Turkey denies rift with Iraq over energy issues as FM holds talks in Ankara
ANKARA - Anadolu Agency
All mutual projects will make great contributions to the wellbeing of Turkey and Iraq as well as the region, Energy Minister Yıldız said during an event yesterday. AA photoTurkey is carrying out many projects worth around 5.5 billion in the southern parts of Baghdad, Turkish Energy Minister Taner Yıldız said yesterday, ahead of the expected Ankara visit by Iraqi Foreign Minister Hoshyar Zebari today.
“All mutual projects will make great contributions to the wellbeing of the two countries as well as the region. As we have always said since the beginning, any of our agreements with Baghdad or the northern Iraq was for the sake of all Iraqi people,” Yıldız said during an international energy conference in Ankara.
Yıldız noted that he and his Iraqi counterpart, Sheristani, had talked about the mutual projects in detail in South Korea a couple of weeks ago.
“We do not make any comment about the distribution of rights in the Iraqi constitution. If they made an arrangement under which 83 percent of oil export revenue went to Baghdad and the remaining 17 percent to the northern Iraq, we show our respect and we take this into consideration in the projects we make,” Yıldız said, adding that he and Sheristani could meet soon.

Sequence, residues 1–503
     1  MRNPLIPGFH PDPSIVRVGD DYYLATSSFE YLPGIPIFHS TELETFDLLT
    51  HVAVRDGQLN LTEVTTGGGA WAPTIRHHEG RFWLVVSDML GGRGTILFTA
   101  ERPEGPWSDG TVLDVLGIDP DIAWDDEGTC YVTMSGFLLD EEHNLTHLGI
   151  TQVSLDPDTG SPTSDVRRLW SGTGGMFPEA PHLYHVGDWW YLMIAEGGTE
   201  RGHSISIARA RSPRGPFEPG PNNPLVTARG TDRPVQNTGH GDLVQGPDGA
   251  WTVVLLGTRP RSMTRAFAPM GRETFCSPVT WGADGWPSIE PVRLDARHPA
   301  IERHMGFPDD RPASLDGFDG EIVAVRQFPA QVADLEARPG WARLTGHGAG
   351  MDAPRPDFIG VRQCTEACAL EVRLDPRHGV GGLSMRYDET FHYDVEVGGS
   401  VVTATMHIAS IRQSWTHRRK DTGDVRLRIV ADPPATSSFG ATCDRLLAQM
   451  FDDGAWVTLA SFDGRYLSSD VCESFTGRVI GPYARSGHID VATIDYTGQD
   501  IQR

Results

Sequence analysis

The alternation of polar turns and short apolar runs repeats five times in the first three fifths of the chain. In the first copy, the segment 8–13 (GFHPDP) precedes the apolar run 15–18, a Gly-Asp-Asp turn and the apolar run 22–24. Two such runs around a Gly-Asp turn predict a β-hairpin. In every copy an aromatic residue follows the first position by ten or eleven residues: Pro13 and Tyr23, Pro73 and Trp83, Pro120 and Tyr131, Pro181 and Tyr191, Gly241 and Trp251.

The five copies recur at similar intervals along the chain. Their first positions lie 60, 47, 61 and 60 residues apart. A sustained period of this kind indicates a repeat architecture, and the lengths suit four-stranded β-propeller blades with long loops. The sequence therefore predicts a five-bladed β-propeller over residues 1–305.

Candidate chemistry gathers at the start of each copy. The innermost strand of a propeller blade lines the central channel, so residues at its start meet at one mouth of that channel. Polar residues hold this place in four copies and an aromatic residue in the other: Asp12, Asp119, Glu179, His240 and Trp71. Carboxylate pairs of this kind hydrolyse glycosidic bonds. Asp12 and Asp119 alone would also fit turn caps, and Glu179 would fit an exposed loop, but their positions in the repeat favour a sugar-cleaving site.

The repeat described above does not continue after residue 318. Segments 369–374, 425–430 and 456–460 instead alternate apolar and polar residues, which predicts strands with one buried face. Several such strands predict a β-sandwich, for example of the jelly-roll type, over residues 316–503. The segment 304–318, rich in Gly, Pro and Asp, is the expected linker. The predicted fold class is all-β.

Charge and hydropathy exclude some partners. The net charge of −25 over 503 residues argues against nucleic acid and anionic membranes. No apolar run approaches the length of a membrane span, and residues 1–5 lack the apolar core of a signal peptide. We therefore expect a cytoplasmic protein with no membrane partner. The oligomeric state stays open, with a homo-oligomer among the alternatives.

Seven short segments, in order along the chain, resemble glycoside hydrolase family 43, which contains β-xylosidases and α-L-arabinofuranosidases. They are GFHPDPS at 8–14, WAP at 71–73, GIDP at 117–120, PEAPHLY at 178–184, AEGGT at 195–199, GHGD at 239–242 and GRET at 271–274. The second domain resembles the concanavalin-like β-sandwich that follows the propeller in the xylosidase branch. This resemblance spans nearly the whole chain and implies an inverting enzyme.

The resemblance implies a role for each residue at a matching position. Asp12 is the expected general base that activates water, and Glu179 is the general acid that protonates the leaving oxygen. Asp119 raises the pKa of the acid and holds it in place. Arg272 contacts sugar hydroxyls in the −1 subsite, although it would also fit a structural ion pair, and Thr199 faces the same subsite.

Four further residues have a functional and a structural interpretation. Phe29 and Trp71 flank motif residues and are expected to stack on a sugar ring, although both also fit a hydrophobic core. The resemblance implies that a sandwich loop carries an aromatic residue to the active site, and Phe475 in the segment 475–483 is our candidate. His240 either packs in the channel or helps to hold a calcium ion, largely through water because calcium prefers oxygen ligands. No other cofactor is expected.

Iraqi Foreign Minister Zebari is expected to arrive in Ankara today to conduct a series of meetings with Turkish officials, including his Turkish counterpart Ahmet Davutoğlu, according to the latest announcements.
The Turkish and Iraqi governments have appeared to be bidding to improve bilateral ties with a series of high-level visits.
Tensions between the two countries have soured considerably in recent years due to oil agreements signed by Turkey with the Kurdish Regional Government (KRG) of northern Iraq, without the consent of the central Iraqi government. President Abdullah Gül also recently met with Iraqi Vice President Hudayr al-Huzai in New York on the sidelines of U.N. General Assembly meetings.
Iraqi Kurdistan has sought to establish a pipeline that would give it access to international energy markets, and has sent crude across the border to neighboring Turkey, also signing deals with a number of foreign energy firms. Iraq, however, has responded by vowing to take legal action against the deals in a bid to halt crude oil sales to Turkey.
“It is Iraq’s domestic problem to question which pipeline is tied where within Iraqi borders. It is out of the question for us to make such comments like the pipeline should be tied there or elsewhere,” Yıldız noted.
Yıldız also said Turkey’s oil and gas deals had continued in the southern parts of Baghdad and the Iraqi central government was happy with this situation.